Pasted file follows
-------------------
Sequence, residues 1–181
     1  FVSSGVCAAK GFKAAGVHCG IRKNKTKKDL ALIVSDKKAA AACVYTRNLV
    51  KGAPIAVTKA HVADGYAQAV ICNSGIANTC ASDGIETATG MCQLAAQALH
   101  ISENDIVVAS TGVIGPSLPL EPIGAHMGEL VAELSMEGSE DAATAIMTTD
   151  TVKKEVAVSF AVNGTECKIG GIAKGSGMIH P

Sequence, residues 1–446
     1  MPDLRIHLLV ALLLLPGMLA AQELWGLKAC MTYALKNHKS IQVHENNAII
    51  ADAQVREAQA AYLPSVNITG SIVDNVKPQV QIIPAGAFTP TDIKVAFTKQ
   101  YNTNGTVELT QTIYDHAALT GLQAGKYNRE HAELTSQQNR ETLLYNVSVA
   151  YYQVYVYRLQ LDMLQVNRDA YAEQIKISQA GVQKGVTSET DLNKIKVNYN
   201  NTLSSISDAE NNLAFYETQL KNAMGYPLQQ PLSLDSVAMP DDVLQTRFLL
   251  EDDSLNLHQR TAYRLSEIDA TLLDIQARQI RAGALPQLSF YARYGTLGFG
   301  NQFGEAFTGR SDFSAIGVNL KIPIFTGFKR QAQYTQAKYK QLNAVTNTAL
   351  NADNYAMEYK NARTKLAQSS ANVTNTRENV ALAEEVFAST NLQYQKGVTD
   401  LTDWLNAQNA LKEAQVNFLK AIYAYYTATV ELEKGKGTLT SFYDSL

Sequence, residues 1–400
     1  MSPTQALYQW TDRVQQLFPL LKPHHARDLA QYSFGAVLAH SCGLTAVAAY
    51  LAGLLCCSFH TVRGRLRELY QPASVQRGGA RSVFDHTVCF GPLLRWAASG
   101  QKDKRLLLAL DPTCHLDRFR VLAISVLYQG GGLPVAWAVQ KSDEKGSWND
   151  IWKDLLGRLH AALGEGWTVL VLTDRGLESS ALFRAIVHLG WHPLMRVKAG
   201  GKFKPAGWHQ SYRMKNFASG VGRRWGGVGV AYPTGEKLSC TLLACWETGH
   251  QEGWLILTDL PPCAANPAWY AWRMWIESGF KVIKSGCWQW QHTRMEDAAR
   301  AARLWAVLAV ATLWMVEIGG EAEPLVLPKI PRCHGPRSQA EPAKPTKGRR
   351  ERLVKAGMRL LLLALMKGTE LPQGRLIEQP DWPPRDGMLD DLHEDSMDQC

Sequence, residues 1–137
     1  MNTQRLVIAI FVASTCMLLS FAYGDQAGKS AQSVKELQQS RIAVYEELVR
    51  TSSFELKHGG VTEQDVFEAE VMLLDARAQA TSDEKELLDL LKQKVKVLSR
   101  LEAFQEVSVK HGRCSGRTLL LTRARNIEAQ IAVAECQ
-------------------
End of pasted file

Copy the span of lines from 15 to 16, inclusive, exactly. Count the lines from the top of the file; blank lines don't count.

   401  LTDWLNAQNA LKEAQVNFLK AIYAYYTATV ELEKGKGTLT SFYDSL

Sequence, residues 1–400